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Lagos, FG and an airport road that must be taken

By Editorial Board   |   21 March 2017   |   4:11 am

Lagos State Governor, Mr. Akinwunmi Ambode (left), discussing with President Muhammadu Buhari.

The squalor that has characterised the access road to the nation’s gateway, the Murtala Muhammed International Airport, Lagos has deservedly attracted the outrage of all citizens over the years. It has been a monumental embarrassment to the country and has done incalculable damage to Nigeria’s image as appeals for the road to be rehabilitated have gone unheeded.

Therefore, it is a commendable step the Lagos State Government is taking with the bold plan to upgrade the road to international standards and with its own funds. In the interest of the people of this country, everything must be done to expedite the process for the work to commence.

However, as has happened in the past, Governor Akinwunmi Ambode has cried out that his government has not received the necessary Federal approval for the reconstruction and expansion of the Airport access from Apapa-Oshodi Expressway. This should not be. And all Nigerians must prevail on the Federal Government to cooperate with Lagos State without delay.

In the design prepared by the Lagos State Government, the segment from the airport terminal building to the junction of Apapa-Oshodi Expressway would be developed into a 10-lane highway. The design includes structural separation of three express lanes for local road users to Ajao Estate and Mafoluku on either side.

The engineering details require rehabilitation of the collapsed roadbed on the northbound lanes from Toyota Bus Stop and the replacement of the enclosed drainage that had been silted for years. The drainage channel constructed on the Apapa-bound lanes in the 1990s has also been blocked with debris.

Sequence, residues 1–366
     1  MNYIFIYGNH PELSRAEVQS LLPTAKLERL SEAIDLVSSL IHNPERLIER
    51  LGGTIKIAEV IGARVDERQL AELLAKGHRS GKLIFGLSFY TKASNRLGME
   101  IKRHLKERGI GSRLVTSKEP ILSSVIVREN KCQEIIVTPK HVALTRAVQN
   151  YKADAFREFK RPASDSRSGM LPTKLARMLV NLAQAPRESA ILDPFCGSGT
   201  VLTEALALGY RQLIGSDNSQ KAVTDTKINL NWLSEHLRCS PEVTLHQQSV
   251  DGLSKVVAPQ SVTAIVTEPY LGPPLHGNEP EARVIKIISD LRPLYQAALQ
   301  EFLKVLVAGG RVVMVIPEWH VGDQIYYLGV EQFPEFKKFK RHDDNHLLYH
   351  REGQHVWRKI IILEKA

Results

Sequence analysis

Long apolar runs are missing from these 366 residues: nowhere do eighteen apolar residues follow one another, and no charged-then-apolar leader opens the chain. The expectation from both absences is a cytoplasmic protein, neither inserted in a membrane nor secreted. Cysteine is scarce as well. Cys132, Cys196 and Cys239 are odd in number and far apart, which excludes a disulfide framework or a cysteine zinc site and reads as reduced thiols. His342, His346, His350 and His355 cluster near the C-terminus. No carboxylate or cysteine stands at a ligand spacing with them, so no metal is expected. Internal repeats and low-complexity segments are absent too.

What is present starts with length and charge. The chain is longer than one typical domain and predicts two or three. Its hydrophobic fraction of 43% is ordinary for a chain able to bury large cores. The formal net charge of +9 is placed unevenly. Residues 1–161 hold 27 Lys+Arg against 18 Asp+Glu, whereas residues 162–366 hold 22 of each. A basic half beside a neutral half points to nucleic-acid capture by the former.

The present imbroglio between Lagos and Abuja brings to the fore, yet again, the need for true federalism in Nigeria. Roads are classified as federal highways, state roads and local government routes. The statistics are outdated but the federal highway network is around 34,000 kilometres. The total length of state roads nationwide is put at around 30,000 kilometres. The 85,000 figure stated for all the 774 local government areas kilometres is, of course, laughable given that streets are increasing in a nation lacking clearly demarcated city limits.

The Federal Government is grappling with the herculean challenge of funding and administering the longest road network in Africa. When the proposal to establish Federal Highway Authority was not ratified in 1973, the reason given was that “the Federal Ministry of Works can adequately cope with management of the federal road network of 11,000 kilometres at the time.” Since the 1974 take-over of 17,000 kilometres selected state roads, that reason ceased to be valid. The ministry cannot cope; especially because there has been no executive will to set up an efficient road agency, despite several attempts from 1980 to date.

Given the inadequacy of funds for federal roads, the Federal Highways Department ought to encourage and promptly accept offers from state government to maintain, rehabilitate or redevelop routes within the states’ borders. The handling of the present Lagos State offer is being closely watched; as it presents a healthy potential for the necessary synergy by the two tiers of government. The due process must be complied with. Protocol requires that whenever a state decides to work on a federal highway, the request must be written by the state governor to the president. For roads, the president could approve in principle and direct the minister or relevant agency to sort out the details.